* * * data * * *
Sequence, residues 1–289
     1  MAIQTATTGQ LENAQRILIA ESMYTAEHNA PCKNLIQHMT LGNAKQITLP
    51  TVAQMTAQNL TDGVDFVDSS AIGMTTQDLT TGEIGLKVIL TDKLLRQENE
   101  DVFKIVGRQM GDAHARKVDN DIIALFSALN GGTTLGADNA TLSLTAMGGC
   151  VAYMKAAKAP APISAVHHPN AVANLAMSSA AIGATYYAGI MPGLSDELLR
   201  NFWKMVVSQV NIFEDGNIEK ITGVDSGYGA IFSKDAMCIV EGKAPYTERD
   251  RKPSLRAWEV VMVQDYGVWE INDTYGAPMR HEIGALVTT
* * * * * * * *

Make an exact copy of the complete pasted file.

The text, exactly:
Sequence, residues 1–289
     1  MAIQTATTGQ LENAQRILIA ESMYTAEHNA PCKNLIQHMT LGNAKQITLP
    51  TVAQMTAQNL TDGVDFVDSS AIGMTTQDLT TGEIGLKVIL TDKLLRQENE
   101  DVFKIVGRQM GDAHARKVDN DIIALFSALN GGTTLGADNA TLSLTAMGGC
   151  VAYMKAAKAP APISAVHHPN AVANLAMSSA AIGATYYAGI MPGLSDELLR
   201  NFWKMVVSQV NIFEDGNIEK ITGVDSGYGA IFSKDAMCIV EGKAPYTERD
   251  RKPSLRAWEV VMVQDYGVWE INDTYGAPMR HEIGALVTT